Butter small gratin dishes or a larger six-cup baking/casserole dish. Spoon sweet potato mixture into dish and dot with another tablespoon of butter. Place under broiler and allow to brown, three to four minutes.

Makes six servings.

Ad Hoc Sweet Potato Greens

Ingredients
vegetable oil of choice for sauteeing
1 clove garlic, minced
1/2 onion, diced
1/2 chile pepper of choice, seeded and minced
1/4 pound sweet potato greens, thoroughly rinsed, stems removed
1 1/2 teaspoons soy sauce

Method
Heat a skillet over medium heat and add enough oil to coat surface of pan. Add garlic, onion and chile, and allow to soften, about three-five minutes, making sure that vegetables don't burn.

Add greens, and with tongs, toss and coat well with aromatics. Allow to cook for at least five minutes, until greens wilt and soften. Add soy sauce just before serving.

Makes two-three side-dish servings.

By Kim ODonnel |  October 15, 2007; 12:04 PM ET Fall Produce , Seasonal Produce , Vegetarian/Vegan
Previous: Gearing Up for Fruitcake Season | Next: 'Tis the Season - for Cookbooks

Comments

Please email us to report offensive comments.



Hmm, this is reminding me of a wonderful recipe I haven't made in quite a while from Lorna Sass' vegetarian pressure cooker cookbook. It is a Thai chickpea dish. You cook the chickpeas in coconut milk with red curry paste and sweet potatoes (along with basil, cilantro, and a few other things). When it's all done, you stir it up, and the sweet potatoes basically dissolve into the sauce. Mmmmm.

Posted by: EP | October 15, 2007 1:10 PM

I've got the first of our winter radishes in this week. It seems these are much earthier than the little round red guys I'm more used to. The greens are also a bit sturdier and more bitter than spring radish greens.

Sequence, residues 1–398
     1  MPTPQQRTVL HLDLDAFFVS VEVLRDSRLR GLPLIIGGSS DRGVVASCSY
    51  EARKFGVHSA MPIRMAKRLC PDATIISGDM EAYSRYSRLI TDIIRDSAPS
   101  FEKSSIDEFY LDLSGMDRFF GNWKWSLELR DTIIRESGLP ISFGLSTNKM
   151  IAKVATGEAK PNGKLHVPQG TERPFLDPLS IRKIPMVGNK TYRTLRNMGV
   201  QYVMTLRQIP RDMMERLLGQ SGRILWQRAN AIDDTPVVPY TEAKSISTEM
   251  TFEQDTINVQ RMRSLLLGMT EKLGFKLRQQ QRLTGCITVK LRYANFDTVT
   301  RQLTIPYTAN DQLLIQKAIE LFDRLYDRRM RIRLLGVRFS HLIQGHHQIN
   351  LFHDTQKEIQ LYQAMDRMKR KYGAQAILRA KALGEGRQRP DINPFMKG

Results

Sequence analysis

For dinner tonight, I'm planning to steam the sliced radishes and toss with butter, salt and pepper, and the greens...braise them in something a bit sweet? Braise in beer? Do them like escarole with lemon, garlic, red pepper flakes and a pinch of sugar? Any suggestions for me? Thanks!

Posted by: librarylady | October 16, 2007 8:37 AM

Skip the butter in the sweet potato mash. You'll never miss it. Just use cooking spray inside the little dishes and on the top to promote browning.

And for an even more intensely caramelized flavor, peel and cube the sweet potatoes and toss with a tablespoon of olive olive before roasting in a single layer.

If you roast the potatoes whole, peel 'em first, then spray with cooking spray and roast. Much easier than scooping out the flesh afterwards and won't hurt the texture a bit.

Posted by: Leslie | October 16, 2007 6:14 PM

I have purple sweet potato vines growing in containers. Can I safely cook the leaves from these ornamental plants? Last fall when I took the plants out there were tiny sweet potatoes at the roots so I assume that the leaves are edible, but I want to be sure.
Thank you.
-Cynthia

Posted by: Cynthia | October 25, 2007 11:45 AM

Yippee! Packed up the ornamental flower pots but could not part with the potatoes. I was thrilled to see they truly are edible - and the leaves - how exciting! Can't believe I've missed this treat all these years. Thank you. Thank you! Thank you!!!

Posted by: Chicago Native | November 7, 2007 12:35 PM

The comments to this entry are closed.

 
 

© 2010 The Washington Post Company